Attention deficit hyperactivity disorder (ADHD) affects children and teens and can continue into adulthood. ADHD is the most commonly diagnosed behavioral disorder of children.
Scientists have not yet reached consensus on a specific cause of ADHD. Studies reveal that a person’s risk of developing ADHD is higher if a close relative also has it. We also know that ADHD is much more common in boys than girls. The scientific community generally agrees that ADHD is biological in nature. Many reputable scientists believe ADHD is the result of chemical imbalances in the brain.
A survey published by the Centers for Disease Control and Prevention (CDC), estimates that approximately 6.4 million children (11%) aged 4 to 17 were diagnosed with ADHD in the US by a healthcare professional (as of 2011). This is a rise from 7.8% in 2003. An interesting statistic from the same CDC survey results shows that boys (13.2%) were more likely than girls (5.6%) to have received an ADHD diagnosis.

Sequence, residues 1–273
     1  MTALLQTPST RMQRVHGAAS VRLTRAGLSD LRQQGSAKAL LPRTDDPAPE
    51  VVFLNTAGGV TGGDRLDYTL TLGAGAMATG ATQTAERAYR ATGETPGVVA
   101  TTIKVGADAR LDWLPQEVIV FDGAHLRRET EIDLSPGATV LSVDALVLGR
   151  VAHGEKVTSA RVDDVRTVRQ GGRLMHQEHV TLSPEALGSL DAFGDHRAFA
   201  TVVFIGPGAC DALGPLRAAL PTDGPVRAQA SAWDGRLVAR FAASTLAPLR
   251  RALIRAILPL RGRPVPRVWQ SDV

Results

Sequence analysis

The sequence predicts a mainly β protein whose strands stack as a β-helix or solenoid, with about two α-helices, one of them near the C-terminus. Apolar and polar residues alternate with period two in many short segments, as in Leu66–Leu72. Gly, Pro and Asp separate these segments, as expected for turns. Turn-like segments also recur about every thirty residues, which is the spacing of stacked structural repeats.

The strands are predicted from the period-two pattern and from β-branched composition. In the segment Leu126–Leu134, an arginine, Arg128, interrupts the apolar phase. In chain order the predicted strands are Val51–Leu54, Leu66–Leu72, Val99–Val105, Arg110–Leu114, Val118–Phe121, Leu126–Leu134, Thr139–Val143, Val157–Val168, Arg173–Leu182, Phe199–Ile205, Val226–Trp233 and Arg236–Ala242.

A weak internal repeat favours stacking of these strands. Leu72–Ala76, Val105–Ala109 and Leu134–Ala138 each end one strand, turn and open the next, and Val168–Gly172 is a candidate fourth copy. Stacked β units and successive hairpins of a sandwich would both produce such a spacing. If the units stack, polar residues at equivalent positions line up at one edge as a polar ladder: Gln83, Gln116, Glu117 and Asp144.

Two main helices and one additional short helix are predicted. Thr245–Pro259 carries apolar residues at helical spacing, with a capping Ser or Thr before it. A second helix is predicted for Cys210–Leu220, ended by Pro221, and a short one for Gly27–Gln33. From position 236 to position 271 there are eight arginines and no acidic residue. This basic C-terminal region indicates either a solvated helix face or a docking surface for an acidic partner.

General signs/symptoms of ADHD in children: the child is restless, overactive, fidgety, constantly chattering, continuously interrupting people, cannot concentrate for long on specific tasks, inattentive and finds it hard to wait his/her turn in play, conversations or standing in line.
The above signs may be observed in children frequently and usually do not mean the child has ADHD. It is when these signs become significantly more pronounced in one child, compared to other children of the same age, and when his/her behavior undermines his/her school and social life, that the child may have ADHD.